Thanks to concerted public campaigns, the awareness of mental health in our society has increased greatly in the last decade or so. This change is also being reflected in the way life insurers are dealing with the assessment of applicants who have a history of mental health issues.
The personal and financial cost of mental illness in our community is staggering, but fortunately it is now receiving the recognition it deserves. The statistics paint a sobering picture:
- on average, 1 in 5 women and 1 in 8 men will experience some level of depression*
- an estimated 45 per cent of people will experience a mental health condition in their lifetime*
Greater awareness and acceptance also means that sufferers are more likely to seek treatment for their condition and the stigma surrounding mental health is gradually dissipating.
Changes in the insurance industry
The positive developments in mental health awareness over the last decade or so have also extended to the way mental illness is treated in the life insurance industry. In days gone by, anyone disclosing a mental health condition on their personal statement was given a wide berth by insurers. The difficulties in assessing and quantifying the risks meant that insurers generally opted to play it safe and decline cover.
These days, there is a much more open attitude toward mental illness and insurers are seeking to underwrite mental illness in the same way as they would for other health conditions. Rather than taking a blanket approach of declining cover based on a history of mental health issues, there is a willingness to treat each case on its merits and insurers are now far more likely to offer cover at standard rates.
Insurers have a responsibility to both their policyholders and shareholders to ensure that they are careful in what risks they take on. This is essential for the viability of their business. Having said that, it is equally important that they honour the Disability Discrimination Act, which compels them to assess risk without prejudice. This means that if they do decline to take on risk it must be justified by a reasonable and relevant assessment of all information and based on statistical and actuarial data.
Insurers will, therefore, take several factors into consideration, including the seriousness of a person’s mental health condition, its impact on their lifestyle, the success of any treatment, management strategies and any ongoing symptoms. The terms offered by different insurers may still vary depending on each company’s premium rates, product features and underwriting philosophy, but acceptance at standard rates is now quite common. If standard rates cannot be offered, then cover may still be available with increased premiums or with certain medical conditions excluded from cover.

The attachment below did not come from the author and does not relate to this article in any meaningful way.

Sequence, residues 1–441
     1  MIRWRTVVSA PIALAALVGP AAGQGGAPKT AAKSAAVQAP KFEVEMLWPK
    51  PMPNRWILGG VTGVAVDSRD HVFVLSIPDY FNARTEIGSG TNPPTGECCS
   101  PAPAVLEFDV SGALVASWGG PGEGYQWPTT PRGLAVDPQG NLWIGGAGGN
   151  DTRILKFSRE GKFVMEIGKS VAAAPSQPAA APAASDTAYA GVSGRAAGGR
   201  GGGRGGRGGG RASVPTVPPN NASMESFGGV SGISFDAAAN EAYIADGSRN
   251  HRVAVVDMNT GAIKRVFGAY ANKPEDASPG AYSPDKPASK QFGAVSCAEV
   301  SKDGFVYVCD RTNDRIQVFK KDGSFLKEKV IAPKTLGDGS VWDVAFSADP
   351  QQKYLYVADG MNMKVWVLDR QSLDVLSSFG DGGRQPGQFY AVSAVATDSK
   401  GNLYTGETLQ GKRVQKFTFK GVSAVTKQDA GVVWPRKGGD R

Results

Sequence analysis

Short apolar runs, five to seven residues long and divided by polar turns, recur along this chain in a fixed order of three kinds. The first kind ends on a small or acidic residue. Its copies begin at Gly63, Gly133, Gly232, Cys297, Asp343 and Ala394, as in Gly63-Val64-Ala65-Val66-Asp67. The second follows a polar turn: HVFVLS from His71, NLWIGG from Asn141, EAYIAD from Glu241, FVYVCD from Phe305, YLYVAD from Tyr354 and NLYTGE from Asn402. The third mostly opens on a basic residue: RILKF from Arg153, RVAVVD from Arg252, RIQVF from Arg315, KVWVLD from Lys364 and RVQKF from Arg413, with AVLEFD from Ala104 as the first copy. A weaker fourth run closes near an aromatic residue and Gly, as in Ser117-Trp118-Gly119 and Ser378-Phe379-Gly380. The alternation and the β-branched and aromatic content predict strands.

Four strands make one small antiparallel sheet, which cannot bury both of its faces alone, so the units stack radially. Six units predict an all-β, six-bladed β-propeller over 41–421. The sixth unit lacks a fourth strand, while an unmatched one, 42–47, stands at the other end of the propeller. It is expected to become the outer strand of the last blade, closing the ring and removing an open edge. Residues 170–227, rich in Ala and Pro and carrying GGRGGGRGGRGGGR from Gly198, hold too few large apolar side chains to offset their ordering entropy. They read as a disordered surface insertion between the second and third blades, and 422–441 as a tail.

Full disclosure helps ensures reliable cover
The law requires an applicant to disclose all the information that may affect their application for life insurance. It is essential that this is done to avoid issues down the track with claims. If the applicant has complied with full disclosure and the insurer decides to accept the application, the insurer is then bound to honour the insurance regardless of any change in health that may subsequently occur.
Growing mental health awareness
The change in attitude within the insurance industry is one part of the continuing effort to give mental health the attention that it deserves. Thanks to the advocacy of organisations such as Beyond Blue and Mental Health Australia, attitudes and perceptions on mental health are changing for the better. Mental Health Week, which runs from 8th to 15th October this year, also plays a major role in raising the profile of mental health, promoting awareness and equipping people with helpful assistance. For more information visit the National Mental Health Commission.
* Australian Bureau of Statistics. (2008). National Survey of Mental Health and Wellbeing: Summary of Results, 2007.